Dr. Woo- I'm still in training, but the way an operator's schedule typically works is something like this- There are 3 lines, Vasona (Mt View-Winchester), Guadalupe (Alum Rock-Santa Teresa) and the Almaden spur. On a straight shift, an operator will just do one of those continuously all day, back and forth. On a split, the operator might spend 4 hours doing one line, 2-4 hours off, then 4 hours doing another line. The worst of the three is Almaden, because it only has two stops, which means 30 trips and lots of tiny breaks (4-6 minutes each) which isn't really practical for eating lunch or going to the bathroom. Fortunately VTA relented because so many operators were taking potty breaks and holding up the train schedule. Now they give them a 20 minute break in the middle of their shift so you can actually go to the restroom and eat lunch.

Iridescent Orb- It is stressful, but for different reasons. Rail is much less forgiving when it comes to mistakes. Generally Rail control knows where you are at any given time and if you make a boo boo they will know. In Bus an operator can make a mistake (like, say accidentally doing the incorrect route because he misread his schedule) correct it, and if he's not horrendously late nobody's the wiser. However if a train, say, overshoots a fouling line for a red light by an inch, they know it and its a 1-4 day suspension for the infraction.

Even though you're on rail, a lot changes when construction happens. There are something like 12 different kind of track switches we use. Some you can 'trail' (trailing a switch on a track is like 'merging' into a single lane in a car) regardless of how the switch is pointing. But on some switches, they will break/derail the train if you do this, so you gotta pay attention. We also get creative vandals that enjoy spraypainting over switch indicator lights, changing speed limit signs, and putting debris on the trackway (shopping carts seem to be a favorite). Oh yeah, and the guy who likes to set carbage cans on fire in all the stations every summer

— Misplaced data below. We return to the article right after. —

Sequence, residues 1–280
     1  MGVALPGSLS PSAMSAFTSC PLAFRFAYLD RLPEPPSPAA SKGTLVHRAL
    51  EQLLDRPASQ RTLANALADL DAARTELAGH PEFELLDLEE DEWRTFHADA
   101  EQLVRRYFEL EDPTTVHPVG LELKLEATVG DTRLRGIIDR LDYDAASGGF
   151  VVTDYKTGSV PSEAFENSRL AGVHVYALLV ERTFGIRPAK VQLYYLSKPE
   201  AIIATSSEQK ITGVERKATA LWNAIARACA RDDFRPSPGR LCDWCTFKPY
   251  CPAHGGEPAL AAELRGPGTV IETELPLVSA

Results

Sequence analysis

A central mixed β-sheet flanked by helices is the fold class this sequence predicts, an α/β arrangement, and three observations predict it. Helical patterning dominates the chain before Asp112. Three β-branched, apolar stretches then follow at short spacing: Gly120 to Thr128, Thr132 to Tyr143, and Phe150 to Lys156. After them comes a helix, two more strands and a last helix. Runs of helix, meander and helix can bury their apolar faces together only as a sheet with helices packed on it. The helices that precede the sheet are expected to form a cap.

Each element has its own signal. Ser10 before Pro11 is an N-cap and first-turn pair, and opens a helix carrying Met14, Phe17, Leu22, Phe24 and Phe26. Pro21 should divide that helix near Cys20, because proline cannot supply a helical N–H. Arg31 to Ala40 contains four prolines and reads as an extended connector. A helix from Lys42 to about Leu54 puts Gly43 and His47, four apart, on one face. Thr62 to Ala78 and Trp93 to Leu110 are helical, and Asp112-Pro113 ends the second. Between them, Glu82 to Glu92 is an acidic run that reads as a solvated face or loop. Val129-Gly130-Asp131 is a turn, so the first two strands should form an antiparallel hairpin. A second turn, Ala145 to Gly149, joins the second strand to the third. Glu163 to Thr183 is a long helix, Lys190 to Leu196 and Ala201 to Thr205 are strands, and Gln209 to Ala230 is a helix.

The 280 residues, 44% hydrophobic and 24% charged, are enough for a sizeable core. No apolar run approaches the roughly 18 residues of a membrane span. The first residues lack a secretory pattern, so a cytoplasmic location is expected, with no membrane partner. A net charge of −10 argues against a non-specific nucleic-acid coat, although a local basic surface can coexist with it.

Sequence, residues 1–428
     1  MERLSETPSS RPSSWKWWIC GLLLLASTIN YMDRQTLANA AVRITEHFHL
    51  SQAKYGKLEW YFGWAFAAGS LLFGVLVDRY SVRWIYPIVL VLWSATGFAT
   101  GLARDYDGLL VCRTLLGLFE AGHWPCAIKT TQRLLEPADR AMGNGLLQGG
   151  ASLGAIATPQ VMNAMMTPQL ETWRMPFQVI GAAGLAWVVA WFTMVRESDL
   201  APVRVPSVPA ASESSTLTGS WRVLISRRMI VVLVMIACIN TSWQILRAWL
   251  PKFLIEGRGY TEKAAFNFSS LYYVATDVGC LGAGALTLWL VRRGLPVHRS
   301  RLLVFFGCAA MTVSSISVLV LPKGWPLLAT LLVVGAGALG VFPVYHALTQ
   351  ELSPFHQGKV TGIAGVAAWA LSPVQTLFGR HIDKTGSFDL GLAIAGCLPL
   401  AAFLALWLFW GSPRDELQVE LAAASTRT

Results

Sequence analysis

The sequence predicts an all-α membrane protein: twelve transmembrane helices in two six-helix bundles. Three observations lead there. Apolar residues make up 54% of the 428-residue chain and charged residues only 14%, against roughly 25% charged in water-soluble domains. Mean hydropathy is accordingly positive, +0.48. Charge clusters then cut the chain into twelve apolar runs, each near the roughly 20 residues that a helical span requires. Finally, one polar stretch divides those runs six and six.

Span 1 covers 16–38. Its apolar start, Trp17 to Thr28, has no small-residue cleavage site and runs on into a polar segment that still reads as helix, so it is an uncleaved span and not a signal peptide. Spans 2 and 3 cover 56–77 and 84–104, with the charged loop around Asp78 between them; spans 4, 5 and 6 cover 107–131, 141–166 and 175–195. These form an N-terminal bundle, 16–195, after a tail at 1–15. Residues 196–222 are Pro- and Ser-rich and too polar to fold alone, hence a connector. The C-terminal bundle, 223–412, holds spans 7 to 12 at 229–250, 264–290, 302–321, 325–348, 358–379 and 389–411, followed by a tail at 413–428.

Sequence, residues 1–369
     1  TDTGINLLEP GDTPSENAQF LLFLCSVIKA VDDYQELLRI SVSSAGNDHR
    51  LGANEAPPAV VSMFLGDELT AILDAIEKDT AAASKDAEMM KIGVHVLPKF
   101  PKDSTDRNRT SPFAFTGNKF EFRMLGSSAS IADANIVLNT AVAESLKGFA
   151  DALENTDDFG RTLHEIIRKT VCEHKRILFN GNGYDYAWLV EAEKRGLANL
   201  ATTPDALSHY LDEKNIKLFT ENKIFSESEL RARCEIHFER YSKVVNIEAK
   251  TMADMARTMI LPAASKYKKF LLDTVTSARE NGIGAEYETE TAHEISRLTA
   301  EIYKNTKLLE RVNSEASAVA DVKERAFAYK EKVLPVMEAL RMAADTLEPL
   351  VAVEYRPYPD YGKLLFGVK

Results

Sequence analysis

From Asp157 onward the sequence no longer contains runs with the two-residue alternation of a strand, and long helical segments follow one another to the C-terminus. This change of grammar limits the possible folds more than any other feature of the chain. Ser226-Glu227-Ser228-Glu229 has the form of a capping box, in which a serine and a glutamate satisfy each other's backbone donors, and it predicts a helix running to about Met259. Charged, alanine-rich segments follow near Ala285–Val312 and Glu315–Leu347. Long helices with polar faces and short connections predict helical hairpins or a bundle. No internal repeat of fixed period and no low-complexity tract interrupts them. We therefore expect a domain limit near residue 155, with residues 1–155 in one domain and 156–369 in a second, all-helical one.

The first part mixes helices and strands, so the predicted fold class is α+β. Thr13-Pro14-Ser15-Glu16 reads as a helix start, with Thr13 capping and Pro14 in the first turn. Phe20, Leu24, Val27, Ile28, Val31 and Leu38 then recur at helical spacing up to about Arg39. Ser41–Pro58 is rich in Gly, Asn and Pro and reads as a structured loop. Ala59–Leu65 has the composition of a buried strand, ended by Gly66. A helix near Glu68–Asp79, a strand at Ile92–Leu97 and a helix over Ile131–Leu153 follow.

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  #31  
Old 05-24-2013, 01:39 PM
cwilcox3 cwilcox3 is offline
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Light rail training in Seattle

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Originally Posted by Incubus View Post
Last week I started Light Rail training at my work and currently on their 10-week certification training program. Even in this short amount of time I've learned a ton of stuff about the job.

Something funny is that I was never one of those people that are train nuts, but the prospect of being able to drive one got me very interested, and I learned a great deal before I even got behind the stick.

It is an entirely different animal than being a bus driver (my previous classification) as there is a significant level of responsibility and focus required to perform the job safely and efficiently.

If anyone has any questions regarding the job, the light rail system in the Bay Area, or the trains themselves, ask!

Hello, I am interested in light rail training in Seattle but am having trouble finding information. If you have any suggestions please help. Thank you.